Am I Eligible For Medicare Part B
Anyone who is eligible for premium-free Medicare Part A is eligible for Medicare Part B by enrolling and paying a monthly premium. If you are not eligible for premium-free Medicare Part A, you can qualify for Medicare Part B by meeting the following requirements:
- You must be 65 years or older.
- You must be a U.S. citizen, or a permanent resident lawfully residing in the U.S for at least five continuous years.
You may also qualify for automatic Medicare Part B enrollment through disability. If you are under 65 and receiving Social Security or Railroad Retirement Board disability benefits, you will automatically be enrolled in Medicare Part A and Part B after 24 months of disability benefits. You may also be eligible for Medicare Part B enrollment before 65 if you have end-stage renal disease or amyotrophic lateral sclerosis .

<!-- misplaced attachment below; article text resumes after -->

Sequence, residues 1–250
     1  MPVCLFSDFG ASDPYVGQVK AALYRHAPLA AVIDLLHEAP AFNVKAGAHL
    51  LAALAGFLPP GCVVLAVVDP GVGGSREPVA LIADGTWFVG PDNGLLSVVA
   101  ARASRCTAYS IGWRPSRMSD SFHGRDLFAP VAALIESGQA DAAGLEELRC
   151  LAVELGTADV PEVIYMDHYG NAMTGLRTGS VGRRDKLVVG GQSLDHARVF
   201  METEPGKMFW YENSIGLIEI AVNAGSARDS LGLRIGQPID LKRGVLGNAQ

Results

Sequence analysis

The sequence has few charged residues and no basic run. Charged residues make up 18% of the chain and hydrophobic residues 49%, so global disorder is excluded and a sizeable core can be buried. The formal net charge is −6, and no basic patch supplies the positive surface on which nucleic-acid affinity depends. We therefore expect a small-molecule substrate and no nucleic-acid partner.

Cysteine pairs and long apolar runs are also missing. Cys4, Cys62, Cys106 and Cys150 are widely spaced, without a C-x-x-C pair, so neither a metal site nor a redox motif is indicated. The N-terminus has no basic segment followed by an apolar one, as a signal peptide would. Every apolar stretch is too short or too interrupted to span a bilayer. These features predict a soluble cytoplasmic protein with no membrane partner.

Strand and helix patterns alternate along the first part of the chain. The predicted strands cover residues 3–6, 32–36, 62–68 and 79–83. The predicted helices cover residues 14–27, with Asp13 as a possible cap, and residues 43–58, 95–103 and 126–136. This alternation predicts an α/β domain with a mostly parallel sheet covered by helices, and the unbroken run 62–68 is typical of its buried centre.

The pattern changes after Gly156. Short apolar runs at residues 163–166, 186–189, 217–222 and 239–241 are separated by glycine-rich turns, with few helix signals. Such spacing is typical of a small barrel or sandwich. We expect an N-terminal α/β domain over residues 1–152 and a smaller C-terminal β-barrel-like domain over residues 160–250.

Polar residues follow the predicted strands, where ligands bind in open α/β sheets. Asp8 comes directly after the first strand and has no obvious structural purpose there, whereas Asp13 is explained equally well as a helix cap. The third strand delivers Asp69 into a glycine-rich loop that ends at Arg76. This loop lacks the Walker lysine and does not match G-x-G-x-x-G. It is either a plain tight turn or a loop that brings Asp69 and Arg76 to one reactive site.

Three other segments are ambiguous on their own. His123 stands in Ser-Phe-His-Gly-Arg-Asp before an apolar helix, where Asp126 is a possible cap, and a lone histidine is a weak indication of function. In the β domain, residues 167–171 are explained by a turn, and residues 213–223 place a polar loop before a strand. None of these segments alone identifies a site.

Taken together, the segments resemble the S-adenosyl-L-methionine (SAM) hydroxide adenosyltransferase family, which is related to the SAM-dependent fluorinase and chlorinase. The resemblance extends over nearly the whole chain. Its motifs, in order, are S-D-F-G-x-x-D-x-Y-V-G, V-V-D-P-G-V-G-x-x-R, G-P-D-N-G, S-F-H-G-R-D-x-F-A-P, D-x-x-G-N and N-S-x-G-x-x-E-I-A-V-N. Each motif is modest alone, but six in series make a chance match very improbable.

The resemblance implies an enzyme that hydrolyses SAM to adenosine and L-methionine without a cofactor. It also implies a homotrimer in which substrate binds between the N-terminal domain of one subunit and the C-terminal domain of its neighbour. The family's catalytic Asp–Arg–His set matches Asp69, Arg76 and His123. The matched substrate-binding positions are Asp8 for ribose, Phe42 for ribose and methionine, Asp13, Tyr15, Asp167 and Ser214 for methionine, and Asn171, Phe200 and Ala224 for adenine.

How Much Will A Medicare Plan Cost
If you choose a Medigap plan you will pay anywhere between $85-$150 per month, depending on where you live. This will provide you with nearly 100% coverage, protecting you against the high medical costs that come with just having Original Medicare and no plan.
If you choose a Medicare Advantage plan, expect a range between $0 $100 per month and these plans often include prescription coverage . Most plans are less than $50 per month and are often $0 premium.
Before you choose a plan it is important to compare rates. Contact us at for a no-obligation plan comparison. We offer both Medicare Advantage, Medicare Supplement plans and Part D plans.
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How Much Does Part B Cost
The Social Security Act sets out the Medicare premiums, deductibles, and copays each year.
An individualâs income determines what they will pay for their Medicare Part B monthly premium. For individuals with an income below $88,000, the standard premium is $148.50 in 2021, with an annual deductible of $203.
According to the Centers for Medicare and Medicaid Services, about 7% of Medicare Part B beneficiaries will pay a higher income adjusted premium.
Other Medicare Charges Also Rising
The annual Part B deductible will rise $30 next year to $233, up from this year’s $203.